For the recently published cybersecurity report, the security solutions provider Malwarebytes surveyed IT and cybersecurity decision-makers. Accordingly, there is an increase of 20 percent in cybersecurity violations as a result of home office due to Covid-19. […]
The newest Cybersecurity Report “Enduring from Home – Impact of Covid-19 on Corporate Security” from Malwarebytes, a provider specializing in security solutions, combines its telemetry with the results of a survey of 200 IT and cybersecurity decision-makers from small businesses to large corporations. The aim is to uncover security gaps in the new work situation that many people are unfamiliar with.
The data shows that the potential for cyberattacks and security breaches has increased since organizations switched to a work-from-home (WFH) model. 20 percent of respondents say they have faced a security breach by a remote worker since the pandemic began. There is a cost to this: 24 percent of respondents say they have to pay for unexpected costs of fixing a cybersecurity breach or malware attack.
In addition, 28 percent of respondents say they also use personal devices, which opens up new opportunities for cyber attacks. This number becomes even more problematic when you look at another poll figure that shows that 61 percent of the organizations surveyed do not ask their employees to use security solutions on their personal devices.
“The fundamental move to work in the home office has dramatically underscored the need for a comprehensive security concept as well as IT instructions and training to prevent security breaches,” said Marcin, CEO and co-founder of Malwarebytes. Many organizations would not have fixed the loopholes in their cybersecurity plans when they moved to a remote workforce and had security issues as a result. Kleczynski warns, “The use of more, often unauthorized, devices reveals the urgent need not only for a complete, multi-level security model, but also reveals new guidelines for working from home. Companies have never been at greater risk than they are now and hackers are becoming more active. “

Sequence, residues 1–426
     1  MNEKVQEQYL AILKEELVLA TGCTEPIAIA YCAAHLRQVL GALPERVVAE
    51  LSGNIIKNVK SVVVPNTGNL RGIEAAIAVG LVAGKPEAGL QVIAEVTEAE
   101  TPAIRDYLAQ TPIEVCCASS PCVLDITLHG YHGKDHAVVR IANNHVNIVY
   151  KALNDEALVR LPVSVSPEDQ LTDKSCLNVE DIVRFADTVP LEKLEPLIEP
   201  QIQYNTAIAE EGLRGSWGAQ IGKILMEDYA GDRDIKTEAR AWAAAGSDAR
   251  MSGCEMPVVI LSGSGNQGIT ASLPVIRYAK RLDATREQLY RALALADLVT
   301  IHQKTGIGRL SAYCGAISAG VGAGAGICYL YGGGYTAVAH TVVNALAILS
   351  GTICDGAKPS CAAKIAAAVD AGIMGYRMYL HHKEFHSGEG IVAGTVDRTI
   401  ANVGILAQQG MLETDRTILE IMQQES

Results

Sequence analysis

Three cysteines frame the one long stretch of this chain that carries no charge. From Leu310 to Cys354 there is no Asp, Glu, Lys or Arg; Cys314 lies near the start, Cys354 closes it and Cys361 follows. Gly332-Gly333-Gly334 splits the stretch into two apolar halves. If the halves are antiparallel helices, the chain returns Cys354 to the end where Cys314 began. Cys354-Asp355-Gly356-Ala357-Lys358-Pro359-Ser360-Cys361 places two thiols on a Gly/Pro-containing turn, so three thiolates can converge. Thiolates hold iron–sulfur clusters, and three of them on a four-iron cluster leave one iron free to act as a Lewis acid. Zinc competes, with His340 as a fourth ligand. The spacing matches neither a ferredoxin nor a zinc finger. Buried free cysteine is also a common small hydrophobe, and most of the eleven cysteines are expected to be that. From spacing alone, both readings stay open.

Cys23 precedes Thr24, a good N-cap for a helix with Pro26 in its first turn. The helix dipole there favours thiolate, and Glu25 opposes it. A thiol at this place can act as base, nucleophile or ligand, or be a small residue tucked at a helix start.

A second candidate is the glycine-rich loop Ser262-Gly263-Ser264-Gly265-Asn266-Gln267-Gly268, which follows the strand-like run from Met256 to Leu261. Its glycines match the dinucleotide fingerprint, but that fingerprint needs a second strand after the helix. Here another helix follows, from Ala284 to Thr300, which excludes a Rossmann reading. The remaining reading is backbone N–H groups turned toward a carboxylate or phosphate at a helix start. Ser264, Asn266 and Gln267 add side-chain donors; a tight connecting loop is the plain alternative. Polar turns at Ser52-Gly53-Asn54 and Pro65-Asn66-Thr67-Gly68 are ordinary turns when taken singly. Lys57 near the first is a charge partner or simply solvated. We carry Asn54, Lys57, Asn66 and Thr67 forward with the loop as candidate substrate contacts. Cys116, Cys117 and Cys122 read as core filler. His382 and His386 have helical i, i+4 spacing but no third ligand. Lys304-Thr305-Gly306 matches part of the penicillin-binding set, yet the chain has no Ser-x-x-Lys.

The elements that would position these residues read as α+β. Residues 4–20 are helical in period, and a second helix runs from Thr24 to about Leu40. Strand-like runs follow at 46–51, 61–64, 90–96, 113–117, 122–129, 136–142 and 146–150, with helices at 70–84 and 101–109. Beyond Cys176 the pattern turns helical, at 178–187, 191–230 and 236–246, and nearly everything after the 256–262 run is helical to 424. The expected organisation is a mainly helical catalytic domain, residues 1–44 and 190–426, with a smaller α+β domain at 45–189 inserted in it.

More attacks, lack of security awareness
In terms of the threat landscape, security researchers at Malwarebytes observe that cyber criminals specialize in exploiting improperly secured corporate VPNs, cloud-based services, and business emails. The number of phishing emails that use Covid-19 as bait has also risen sharply. These emails contain malware like AveMaria and NetWiredRC that allow remote desktop access, webcam control, password theft, and more. Data from Malwarebytes shows AveMaria saw a huge 1,219 percent increase from January to April 2020. According to this, AveMaria mainly targets large companies. Similarly, the security researchers at NetWiredRC observed a 99 percent increase from January to June 2020, with small and medium-sized companies primarily in their sights.
“Threat actors are adapting quickly to find new ways to capitalize on the new work situation,” said Adam Kujawa, director of Malwarebytes Labs. “We have seen a significant increase in attacks on cloud and collaboration tools. This shows us that we need to reassess cybersecurity in terms of these tools and the vulnerabilities of working in distributed environments in order to contain threats more effectively. “
Nevertheless, the companies seem to have a high degree of confidence in the transition to working from home, as around three quarters (73.2 percent) of the respondents gave their organizations a score of 7 or more in preparation for the transition to the WFH (scale 1- 10; 10 maximum points). In the course of the move to the home office, however, 45 percent of the organizations did not carry out the necessary security and online data protection analyzes of software tools. Although 61 percent of the organizations provided their employees with devices for work when required, 65 percent had no virus protection solution installed for these devices.
Those interested can find more information in Blog by Malwarebytes.